Illustration by Bloomberg View
Illustration by Bloomberg View

More than three years after it hit bottom in 2009, the U.S. economy is still stuck in the mud. With Congress and the White House paralyzed by election-year politics, Federal Reserve Chairman Ben Bernanke seems the only person willing (or in a position) to do something.

In this instance, his actions might best come in the form of words.

It doesn’t take an economist to realize the recovery has lost momentum. Fed officials expect the economy to grow at a rate of just 2.1 percent in 2012, far too slow to make a significant dent in unemployment. The longer the slump lasts, the more permanent damage it will do, as idleness erodes the skills and motivation that would allow people to return to work.

Unfortunately, the Fed’s arsenal is losing its potency with each new application of stimulus. Economists at Goldman Sachs Group Inc. estimate, for example, that a third round of the bond-buying known as quantitative easing would have less than two-thirds the effect of the last round. Lower interest rates simply don’t flow through to many consumers, because banks want to lend only to people with sterling credit. Also, some Fed officials worry that further purchases of Treasuries could distort the market and undermine the intended effects.

Better Ideas

In their search for better ideas, some Fed officials are looking across the Atlantic, where the Bank of England is trying a new tactic to push money through to consumers and businesses. Its Funding for Lending Scheme offers credit to banks at interest rates that decline as the recipients’ lending increases. The central bank says its program could boost credit to companies and households by at least $124 billion.

Such a program isn’t likely to work well in the U.S. Banks already have plenty of cheap cash, which they could lend if they wanted. Goldman Sachs estimates that U.S. bank-funding costs are about a full percentage point lower than those in the U.K. In fact, U.S. institutions have parked more than $1.4 trillion in excess reserves with the Fed, partly because the central bank pays interest on it.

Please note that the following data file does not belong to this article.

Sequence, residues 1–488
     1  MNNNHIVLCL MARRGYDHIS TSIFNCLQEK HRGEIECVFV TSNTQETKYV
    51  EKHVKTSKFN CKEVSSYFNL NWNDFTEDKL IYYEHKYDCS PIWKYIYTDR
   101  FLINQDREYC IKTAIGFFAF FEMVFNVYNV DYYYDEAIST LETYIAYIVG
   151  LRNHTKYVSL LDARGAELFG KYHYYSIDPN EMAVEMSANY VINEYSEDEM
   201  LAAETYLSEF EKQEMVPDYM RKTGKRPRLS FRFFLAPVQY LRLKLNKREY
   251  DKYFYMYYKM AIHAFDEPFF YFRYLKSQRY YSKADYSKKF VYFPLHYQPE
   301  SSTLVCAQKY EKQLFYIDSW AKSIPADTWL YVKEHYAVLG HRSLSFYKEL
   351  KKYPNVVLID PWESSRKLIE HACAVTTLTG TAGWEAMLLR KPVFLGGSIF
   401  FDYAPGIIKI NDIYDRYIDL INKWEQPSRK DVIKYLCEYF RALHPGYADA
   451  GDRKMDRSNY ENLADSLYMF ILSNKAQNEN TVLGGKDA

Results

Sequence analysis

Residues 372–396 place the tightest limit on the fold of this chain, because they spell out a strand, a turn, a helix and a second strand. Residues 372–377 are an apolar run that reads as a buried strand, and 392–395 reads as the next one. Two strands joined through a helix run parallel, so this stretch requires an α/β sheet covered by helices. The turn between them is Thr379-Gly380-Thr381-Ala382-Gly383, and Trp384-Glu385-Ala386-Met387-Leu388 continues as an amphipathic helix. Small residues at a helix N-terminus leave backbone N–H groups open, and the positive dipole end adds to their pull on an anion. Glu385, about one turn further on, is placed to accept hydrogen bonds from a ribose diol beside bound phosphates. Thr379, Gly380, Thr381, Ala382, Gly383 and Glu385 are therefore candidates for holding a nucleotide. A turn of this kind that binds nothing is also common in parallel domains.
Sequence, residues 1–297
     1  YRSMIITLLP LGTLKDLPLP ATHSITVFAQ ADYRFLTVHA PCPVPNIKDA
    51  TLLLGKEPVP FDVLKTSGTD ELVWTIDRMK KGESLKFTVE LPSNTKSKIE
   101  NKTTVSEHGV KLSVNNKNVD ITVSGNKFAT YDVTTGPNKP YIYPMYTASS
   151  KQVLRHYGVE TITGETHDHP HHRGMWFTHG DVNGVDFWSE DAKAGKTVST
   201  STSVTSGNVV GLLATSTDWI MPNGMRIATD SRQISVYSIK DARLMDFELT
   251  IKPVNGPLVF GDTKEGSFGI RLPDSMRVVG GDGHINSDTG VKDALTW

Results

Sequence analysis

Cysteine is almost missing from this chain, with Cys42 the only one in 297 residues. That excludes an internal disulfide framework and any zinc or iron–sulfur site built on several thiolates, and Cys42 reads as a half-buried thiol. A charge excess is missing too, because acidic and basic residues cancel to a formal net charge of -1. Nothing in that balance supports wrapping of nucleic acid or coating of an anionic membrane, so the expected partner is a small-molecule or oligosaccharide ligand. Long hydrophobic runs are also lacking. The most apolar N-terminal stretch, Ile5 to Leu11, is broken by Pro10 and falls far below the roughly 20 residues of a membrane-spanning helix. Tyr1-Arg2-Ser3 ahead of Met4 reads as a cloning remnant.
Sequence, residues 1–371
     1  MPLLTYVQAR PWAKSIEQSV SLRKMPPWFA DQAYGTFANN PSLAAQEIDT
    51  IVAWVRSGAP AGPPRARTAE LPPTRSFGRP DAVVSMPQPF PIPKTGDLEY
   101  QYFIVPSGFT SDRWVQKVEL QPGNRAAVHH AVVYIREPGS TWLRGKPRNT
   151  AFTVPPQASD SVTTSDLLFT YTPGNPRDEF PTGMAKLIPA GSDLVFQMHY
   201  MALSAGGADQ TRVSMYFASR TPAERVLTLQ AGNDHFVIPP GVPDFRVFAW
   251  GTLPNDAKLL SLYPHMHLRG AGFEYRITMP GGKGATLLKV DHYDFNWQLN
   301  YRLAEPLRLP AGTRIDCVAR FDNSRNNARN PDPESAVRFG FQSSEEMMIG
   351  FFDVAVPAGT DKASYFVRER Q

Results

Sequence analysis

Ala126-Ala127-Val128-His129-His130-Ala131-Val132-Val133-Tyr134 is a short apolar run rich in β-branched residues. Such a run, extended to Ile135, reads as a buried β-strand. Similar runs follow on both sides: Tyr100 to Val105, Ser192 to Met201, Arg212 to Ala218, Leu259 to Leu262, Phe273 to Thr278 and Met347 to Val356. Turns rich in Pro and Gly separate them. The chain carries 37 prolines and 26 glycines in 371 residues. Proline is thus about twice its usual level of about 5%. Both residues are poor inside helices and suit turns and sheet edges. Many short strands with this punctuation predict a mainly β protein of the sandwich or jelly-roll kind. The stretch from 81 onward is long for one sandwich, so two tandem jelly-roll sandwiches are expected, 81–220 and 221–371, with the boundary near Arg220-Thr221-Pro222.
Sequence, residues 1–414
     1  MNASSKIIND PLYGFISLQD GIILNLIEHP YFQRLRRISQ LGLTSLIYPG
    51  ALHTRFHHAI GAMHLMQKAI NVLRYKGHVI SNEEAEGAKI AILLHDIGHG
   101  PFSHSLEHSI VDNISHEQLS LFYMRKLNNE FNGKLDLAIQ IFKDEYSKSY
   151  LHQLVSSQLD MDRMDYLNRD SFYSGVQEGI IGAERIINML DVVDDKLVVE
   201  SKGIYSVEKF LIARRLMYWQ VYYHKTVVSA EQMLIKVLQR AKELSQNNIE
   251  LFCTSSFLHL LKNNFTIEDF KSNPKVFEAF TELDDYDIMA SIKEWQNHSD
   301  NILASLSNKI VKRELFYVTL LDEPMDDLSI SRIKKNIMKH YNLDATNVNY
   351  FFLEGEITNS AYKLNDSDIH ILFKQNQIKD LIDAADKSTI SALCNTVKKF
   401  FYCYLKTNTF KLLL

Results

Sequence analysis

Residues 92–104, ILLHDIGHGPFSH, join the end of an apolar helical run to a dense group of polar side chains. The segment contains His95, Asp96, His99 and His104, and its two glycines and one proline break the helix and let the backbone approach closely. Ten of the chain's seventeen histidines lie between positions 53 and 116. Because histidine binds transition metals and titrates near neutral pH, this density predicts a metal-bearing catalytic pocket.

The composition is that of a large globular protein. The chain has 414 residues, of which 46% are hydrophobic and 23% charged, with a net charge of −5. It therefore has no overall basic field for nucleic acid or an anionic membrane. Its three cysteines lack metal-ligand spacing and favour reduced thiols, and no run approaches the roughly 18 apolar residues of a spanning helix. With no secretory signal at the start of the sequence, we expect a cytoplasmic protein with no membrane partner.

Still, the Fed does have one option that would provide some stimulus without requiring it to take on credit risk or purchase more securities. Bernanke can make an unequivocal promise to keep interest rates low for a long period -- say, through 2015 - - no matter what happens in the economy. Known as “forward guidance,” this would go one step further than what the Fed did in January when it said it intended -- but did not promise -- to keep rates low through 2014.

The concern, of course, is that such a pledge could tie the Fed’s hands if the economy suddenly gained momentum and started to overheat. Current economic indicators, though, suggest the risk of that happening is very low. Bernanke himself called the pace of job creation “frustratingly slow” and warned that consumer confidence remains depressed amid worries about employment and wages.

The economy needs help. Until officials in Washington get their act together to provide fiscal stimulus, the Fed will need to deploy its limited arsenal. Giving markets confidence that interest rates will stay down for the foreseeable future would be a good way to help keep the recovery going.

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Today’s highlights: the editors on why politics should continue past the water’s edge; Caroline Baum on who pays taxes in the U.S.; Edward Glaeser on how the U.S. can be more like Sweden and less like Greece; Michael Kinsley on positions that will prove embarrassing in 20 years; Ezra Klein on no easy answers for campaign finance; Steven Greenhut on San Francisco’s arrogant claim to Yosemite’s water.

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